Why I Think Being an Executive Recruiter is the Best Job Ever

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For the past 15 years, I have worked as a consultant and executive recruiter. These two roles often go hand-in-hand: When a client needs to evaluate her organization, she may need to make changes. When these changes involve sourcing for hard-to-find and recruited talent, I work to help clients find the people they need.


1. I can do it from any location.

With wireless devices and computers, and video conferencing (with anyone, almost anywhere, usually at no cost), I can identify the people I need to speak to without spending a fortune to visit them (although airplanes are still very much a part of the equation).


2. I have freedom to work anywhere, in any time zone.

From my home or office, I can work with clients in real time in Australia or Asia. Even if it means losing some sleep, I can schedule wake-up calls that make sure I call the people I'm supposed to, when I'm supposed to, using technology.


3. There are always clients somewhere in the world who need (and pay for) help.

Yes, it's true, this is a global recession, but there are some industries that are booming. Certain kinds of engineers, information technology firms, health care and biotech concerns are growing. They need the services I and my colleagues provide, and they pay well for them.


4. I get to meet people all over the world; learning about their cultures is an added benefit.

Even though I would like to visit every country in the world (really!), I will probably never visit all of them. Speaking with engineers on location in Northern Africa as they build a massive new energy station is exciting. I learn firsthand about holidays, customs and even foods people eat in these places. I even learn a few words of the language sometimes! It's also completely delightful to exchange small gifts with people in different places, to give them a taste of America as they send me special cookies made only in Kyoto (as an example). It is also true that I could probably run my own matchmaking service by now, because people tend to open up -- a lot!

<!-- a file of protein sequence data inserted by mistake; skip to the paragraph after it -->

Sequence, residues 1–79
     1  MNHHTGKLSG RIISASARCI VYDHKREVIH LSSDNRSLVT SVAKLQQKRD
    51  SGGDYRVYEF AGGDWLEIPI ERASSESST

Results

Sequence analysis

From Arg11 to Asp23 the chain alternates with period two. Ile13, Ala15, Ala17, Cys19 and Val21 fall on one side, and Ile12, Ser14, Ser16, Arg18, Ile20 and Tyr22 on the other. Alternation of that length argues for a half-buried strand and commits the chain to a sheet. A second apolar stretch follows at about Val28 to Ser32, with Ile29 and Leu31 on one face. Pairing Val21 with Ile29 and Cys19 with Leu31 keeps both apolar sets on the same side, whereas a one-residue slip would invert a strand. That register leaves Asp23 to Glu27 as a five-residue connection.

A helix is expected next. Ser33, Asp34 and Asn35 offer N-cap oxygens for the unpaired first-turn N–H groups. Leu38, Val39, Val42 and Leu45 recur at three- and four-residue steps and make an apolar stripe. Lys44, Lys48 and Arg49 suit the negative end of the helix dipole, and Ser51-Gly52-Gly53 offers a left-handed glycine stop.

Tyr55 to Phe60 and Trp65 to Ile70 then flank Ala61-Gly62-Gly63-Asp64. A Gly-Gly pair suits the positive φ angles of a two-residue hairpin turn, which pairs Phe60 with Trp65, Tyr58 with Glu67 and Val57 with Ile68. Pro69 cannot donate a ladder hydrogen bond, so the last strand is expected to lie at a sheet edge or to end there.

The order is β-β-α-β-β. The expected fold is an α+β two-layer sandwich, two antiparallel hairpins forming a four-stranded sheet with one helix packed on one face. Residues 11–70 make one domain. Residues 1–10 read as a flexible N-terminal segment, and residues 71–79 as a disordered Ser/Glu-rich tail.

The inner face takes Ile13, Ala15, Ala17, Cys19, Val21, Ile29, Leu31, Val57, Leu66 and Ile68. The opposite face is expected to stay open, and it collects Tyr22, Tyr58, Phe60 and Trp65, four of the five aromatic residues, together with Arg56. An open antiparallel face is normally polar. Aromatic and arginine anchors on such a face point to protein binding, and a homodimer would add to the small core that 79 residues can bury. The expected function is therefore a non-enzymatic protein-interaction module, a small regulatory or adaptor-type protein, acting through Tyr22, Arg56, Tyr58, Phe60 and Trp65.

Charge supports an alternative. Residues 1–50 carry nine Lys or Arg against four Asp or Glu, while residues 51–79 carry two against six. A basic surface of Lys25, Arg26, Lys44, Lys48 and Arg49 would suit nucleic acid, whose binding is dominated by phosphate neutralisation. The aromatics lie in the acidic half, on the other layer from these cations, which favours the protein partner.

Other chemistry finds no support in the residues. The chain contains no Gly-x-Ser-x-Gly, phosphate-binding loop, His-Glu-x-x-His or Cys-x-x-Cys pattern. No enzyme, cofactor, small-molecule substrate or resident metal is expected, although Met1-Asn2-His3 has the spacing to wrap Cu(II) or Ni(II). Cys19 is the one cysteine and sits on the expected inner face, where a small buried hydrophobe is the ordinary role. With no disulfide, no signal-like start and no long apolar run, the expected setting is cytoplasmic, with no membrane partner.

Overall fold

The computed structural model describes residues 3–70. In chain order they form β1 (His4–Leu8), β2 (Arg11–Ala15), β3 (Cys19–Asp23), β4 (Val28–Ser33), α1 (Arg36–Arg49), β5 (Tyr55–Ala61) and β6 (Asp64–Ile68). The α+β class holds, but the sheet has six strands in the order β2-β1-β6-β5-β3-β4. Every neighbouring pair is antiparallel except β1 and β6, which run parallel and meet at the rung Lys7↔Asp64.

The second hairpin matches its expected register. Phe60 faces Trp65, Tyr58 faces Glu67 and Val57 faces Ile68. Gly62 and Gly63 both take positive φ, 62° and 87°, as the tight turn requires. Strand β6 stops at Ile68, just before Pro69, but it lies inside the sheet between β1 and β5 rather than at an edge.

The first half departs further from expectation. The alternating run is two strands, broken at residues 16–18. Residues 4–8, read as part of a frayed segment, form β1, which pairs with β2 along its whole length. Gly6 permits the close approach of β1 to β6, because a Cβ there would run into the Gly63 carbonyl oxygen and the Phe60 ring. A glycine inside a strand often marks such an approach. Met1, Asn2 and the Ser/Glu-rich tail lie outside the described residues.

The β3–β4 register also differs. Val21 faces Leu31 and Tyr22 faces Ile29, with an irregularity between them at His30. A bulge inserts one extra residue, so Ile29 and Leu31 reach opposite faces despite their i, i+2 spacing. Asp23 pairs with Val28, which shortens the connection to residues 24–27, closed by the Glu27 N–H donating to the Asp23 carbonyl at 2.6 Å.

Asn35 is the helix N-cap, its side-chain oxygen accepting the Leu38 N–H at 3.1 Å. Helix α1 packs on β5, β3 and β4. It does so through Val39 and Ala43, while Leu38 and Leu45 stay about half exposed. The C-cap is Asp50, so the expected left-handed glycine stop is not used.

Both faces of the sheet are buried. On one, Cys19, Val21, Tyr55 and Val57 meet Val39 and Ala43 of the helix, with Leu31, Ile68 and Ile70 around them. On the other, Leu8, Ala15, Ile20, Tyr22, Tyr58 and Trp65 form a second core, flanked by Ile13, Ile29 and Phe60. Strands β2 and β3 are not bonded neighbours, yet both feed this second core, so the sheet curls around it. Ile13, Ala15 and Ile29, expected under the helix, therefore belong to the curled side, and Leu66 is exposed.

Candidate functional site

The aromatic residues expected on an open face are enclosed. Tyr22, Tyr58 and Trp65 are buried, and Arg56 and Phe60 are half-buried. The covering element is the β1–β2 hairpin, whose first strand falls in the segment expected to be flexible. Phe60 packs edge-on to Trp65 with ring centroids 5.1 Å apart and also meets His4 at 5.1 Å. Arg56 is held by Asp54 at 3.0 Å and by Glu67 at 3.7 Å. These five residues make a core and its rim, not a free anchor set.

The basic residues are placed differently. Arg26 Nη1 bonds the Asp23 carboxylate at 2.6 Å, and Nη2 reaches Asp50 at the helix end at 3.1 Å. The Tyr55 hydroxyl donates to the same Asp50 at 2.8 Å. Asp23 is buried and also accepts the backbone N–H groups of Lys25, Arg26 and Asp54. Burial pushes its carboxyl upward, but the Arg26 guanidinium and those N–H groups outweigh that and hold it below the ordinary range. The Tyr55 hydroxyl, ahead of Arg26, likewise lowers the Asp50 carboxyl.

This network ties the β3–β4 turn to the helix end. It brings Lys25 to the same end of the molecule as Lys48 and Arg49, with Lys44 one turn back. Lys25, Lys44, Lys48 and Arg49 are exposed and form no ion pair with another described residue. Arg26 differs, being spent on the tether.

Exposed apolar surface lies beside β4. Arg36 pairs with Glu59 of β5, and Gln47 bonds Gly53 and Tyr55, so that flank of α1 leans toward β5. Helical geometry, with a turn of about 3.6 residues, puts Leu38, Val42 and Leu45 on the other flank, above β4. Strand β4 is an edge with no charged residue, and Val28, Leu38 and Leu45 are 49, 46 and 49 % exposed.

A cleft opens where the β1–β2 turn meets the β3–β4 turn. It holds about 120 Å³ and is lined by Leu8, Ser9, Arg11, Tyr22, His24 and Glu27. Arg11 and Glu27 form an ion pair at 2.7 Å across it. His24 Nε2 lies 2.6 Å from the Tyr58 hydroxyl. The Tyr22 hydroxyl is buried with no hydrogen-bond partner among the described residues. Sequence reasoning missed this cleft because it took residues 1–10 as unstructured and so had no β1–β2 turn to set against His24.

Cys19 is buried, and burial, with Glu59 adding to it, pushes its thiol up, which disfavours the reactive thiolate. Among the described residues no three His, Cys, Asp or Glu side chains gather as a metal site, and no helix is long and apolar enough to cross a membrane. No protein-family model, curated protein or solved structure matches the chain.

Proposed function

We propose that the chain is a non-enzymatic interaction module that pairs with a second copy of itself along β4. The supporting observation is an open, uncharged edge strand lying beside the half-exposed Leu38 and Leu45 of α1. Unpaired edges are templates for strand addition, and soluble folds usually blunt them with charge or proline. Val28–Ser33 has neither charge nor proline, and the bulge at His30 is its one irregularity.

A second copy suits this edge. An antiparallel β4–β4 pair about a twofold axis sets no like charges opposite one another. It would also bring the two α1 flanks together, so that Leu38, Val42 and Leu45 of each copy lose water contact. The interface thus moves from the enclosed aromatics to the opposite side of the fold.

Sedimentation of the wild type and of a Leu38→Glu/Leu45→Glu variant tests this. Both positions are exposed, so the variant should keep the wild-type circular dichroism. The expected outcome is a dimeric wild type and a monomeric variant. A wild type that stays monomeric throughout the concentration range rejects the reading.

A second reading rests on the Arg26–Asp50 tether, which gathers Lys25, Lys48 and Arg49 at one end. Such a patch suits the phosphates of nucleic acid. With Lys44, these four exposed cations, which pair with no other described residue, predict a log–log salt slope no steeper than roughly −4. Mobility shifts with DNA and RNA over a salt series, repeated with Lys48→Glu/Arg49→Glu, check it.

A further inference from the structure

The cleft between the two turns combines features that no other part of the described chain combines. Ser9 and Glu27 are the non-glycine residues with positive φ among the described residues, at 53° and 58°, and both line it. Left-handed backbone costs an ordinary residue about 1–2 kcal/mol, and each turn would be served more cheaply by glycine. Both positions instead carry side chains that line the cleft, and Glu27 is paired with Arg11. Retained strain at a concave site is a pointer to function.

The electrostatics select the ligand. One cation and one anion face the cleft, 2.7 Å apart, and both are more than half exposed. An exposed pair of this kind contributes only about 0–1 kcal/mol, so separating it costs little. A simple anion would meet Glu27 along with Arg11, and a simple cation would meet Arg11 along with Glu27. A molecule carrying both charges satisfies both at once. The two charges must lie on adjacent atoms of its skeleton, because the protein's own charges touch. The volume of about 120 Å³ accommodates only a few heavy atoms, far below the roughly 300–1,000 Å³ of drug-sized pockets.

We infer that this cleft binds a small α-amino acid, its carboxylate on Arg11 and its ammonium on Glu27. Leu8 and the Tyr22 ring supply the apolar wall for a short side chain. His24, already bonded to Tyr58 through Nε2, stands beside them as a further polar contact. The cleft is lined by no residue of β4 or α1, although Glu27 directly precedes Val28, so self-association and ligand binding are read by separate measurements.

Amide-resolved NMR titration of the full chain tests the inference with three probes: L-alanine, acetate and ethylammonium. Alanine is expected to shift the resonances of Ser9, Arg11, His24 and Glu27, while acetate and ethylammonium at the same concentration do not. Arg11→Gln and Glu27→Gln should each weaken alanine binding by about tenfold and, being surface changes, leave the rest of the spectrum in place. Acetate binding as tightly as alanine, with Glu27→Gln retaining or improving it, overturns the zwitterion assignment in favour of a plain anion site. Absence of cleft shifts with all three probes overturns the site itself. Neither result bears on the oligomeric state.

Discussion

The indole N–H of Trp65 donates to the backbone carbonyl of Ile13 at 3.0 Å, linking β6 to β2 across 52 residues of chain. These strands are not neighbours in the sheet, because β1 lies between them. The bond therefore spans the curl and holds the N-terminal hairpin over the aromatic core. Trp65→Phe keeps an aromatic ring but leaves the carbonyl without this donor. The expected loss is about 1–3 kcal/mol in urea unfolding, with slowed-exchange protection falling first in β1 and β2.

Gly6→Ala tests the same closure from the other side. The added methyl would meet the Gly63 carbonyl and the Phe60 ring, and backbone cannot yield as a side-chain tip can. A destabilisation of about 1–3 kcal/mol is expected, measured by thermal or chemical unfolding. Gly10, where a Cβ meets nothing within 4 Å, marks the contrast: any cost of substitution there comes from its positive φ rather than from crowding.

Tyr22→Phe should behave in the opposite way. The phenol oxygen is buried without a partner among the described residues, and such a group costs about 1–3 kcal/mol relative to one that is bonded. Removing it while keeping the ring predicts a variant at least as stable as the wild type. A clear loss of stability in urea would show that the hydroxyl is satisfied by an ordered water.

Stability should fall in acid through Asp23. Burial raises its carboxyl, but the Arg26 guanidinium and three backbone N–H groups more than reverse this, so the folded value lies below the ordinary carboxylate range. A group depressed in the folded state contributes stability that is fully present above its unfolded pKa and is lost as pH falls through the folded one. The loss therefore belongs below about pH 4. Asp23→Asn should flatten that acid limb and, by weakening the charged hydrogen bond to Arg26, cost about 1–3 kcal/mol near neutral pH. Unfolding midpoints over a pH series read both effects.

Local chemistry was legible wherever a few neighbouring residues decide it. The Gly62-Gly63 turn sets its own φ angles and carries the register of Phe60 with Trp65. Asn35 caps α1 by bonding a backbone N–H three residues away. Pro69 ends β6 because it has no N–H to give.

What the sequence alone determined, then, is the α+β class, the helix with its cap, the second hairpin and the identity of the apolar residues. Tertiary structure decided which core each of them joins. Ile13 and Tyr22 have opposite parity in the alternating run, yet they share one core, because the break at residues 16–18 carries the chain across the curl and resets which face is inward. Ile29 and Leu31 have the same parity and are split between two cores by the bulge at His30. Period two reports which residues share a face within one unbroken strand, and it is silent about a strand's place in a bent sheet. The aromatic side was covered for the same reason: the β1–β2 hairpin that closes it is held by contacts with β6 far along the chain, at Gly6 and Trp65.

5. I work when I want to.

It's true that I work hard, but if I need a Friday off, there is no reason I can't have the day. At the same time, since I am responsible for my earnings, planning for time off is important.


I recommend this career to anyone who is well-organized and comfortable speaking with people in all different walks of life. If you are comfortable speaking with an organization's leaders and senior executives as well as their support staff, and if you sincerely enjoy serving others, this is a great job for you. Becoming established in this profession requires the ability to network to others you know as well as those you don't. You mustn't fear rejection, because it is truly a numbers game. That is, if you call 50 people today to offer your service, you may be rejected by 49. On the 50th call, though, you've just coincidentally connected with someone who needs exactly what you know how to do for them.

If you're willing to learn about employment law, global mobility and social customs, you will do very well. These days, it is smart to obtain certification in the industry so your services are distinguished.

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